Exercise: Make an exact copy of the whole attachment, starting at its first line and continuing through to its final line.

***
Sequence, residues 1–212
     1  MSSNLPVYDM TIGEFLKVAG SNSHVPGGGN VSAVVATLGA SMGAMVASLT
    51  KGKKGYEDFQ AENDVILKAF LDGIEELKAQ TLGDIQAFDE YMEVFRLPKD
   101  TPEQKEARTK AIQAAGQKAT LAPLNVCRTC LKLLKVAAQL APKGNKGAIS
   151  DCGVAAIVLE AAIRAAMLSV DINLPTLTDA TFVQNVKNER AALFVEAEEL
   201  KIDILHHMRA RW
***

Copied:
Sequence, residues 1–212
     1  MSSNLPVYDM TIGEFLKVAG SNSHVPGGGN VSAVVATLGA SMGAMVASLT
    51  KGKKGYEDFQ AENDVILKAF LDGIEELKAQ TLGDIQAFDE YMEVFRLPKD
   101  TPEQKEARTK AIQAAGQKAT LAPLNVCRTC LKLLKVAAQL APKGNKGAIS
   151  DCGVAAIVLE AAIRAAMLSV DINLPTLTDA TFVQNVKNER AALFVEAEEL
   201  KIDILHHMRA RW